Abstract

This article examines the largely unexplored topic of Japan’s foreign trade in rice during the Meiji period. In the middle decades of that era, japonica-type rice became a major Japanese export, highly esteemed in Western countries. In the 1890s, however, Western markets for Japanese rice shrank as the price of the grain rose; meanwhile, crop failures in Japan, combined with the ready availability of cheaper, long-grain indica varieties from Southeast Asia, prompted huge imports of rice; and the steady increase in per capita consumption drove Japan to become a chronic net importer of the commodity after the turn of the century.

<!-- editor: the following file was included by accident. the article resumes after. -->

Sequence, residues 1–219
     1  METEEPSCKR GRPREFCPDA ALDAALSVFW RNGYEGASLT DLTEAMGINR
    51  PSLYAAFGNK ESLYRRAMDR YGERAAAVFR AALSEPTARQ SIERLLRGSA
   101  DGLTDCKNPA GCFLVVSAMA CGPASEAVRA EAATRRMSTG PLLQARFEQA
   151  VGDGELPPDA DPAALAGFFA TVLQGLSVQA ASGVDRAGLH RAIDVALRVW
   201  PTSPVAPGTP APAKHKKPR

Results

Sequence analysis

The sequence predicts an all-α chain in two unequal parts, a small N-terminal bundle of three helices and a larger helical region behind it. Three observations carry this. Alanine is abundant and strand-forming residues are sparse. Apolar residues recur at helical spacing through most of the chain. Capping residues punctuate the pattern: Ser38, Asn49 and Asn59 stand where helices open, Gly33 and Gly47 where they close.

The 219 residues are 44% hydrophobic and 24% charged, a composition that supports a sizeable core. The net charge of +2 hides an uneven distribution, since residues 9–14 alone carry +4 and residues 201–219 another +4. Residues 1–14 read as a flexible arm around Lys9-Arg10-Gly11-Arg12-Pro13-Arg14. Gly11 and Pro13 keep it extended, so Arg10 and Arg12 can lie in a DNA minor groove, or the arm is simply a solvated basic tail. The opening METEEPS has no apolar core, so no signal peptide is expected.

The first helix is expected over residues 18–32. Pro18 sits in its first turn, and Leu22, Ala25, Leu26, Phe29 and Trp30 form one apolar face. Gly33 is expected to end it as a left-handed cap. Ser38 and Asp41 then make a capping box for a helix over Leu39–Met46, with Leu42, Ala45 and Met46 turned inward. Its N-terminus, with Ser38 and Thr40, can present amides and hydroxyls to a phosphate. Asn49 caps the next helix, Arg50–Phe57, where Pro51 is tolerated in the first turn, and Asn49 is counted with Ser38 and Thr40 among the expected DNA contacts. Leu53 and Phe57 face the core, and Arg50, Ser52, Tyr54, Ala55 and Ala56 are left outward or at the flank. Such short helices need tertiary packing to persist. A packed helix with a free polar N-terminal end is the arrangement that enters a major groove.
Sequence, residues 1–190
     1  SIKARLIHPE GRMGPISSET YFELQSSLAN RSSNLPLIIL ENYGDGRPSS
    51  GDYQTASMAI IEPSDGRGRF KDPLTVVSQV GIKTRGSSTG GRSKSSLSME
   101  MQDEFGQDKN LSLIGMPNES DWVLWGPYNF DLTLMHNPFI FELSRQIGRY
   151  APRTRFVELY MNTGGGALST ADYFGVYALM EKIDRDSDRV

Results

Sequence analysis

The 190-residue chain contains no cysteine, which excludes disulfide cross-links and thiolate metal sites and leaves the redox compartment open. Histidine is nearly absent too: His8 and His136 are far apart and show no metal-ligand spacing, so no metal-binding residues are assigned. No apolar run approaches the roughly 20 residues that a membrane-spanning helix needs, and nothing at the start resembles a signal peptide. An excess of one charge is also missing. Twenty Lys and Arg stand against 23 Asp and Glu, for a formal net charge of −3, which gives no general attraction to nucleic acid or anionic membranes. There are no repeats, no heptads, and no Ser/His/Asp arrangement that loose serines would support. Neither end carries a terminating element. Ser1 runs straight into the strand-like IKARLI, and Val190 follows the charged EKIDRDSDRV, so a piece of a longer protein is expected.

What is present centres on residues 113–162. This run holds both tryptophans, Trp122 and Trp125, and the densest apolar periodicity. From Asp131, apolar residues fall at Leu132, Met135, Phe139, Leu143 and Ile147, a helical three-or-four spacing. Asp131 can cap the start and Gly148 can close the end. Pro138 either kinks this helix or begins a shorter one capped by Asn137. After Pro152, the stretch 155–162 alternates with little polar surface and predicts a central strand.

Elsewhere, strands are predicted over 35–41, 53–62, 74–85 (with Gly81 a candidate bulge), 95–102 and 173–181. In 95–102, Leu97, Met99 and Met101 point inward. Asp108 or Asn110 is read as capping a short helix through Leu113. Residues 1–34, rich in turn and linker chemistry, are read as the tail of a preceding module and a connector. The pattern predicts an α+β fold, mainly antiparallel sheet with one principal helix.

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Additional Information

ISSN
1549-4721
Print ISSN
0095-6848
Pages
pp. 317-345
Launched on MUSE
2015-07-30
Open Access
No
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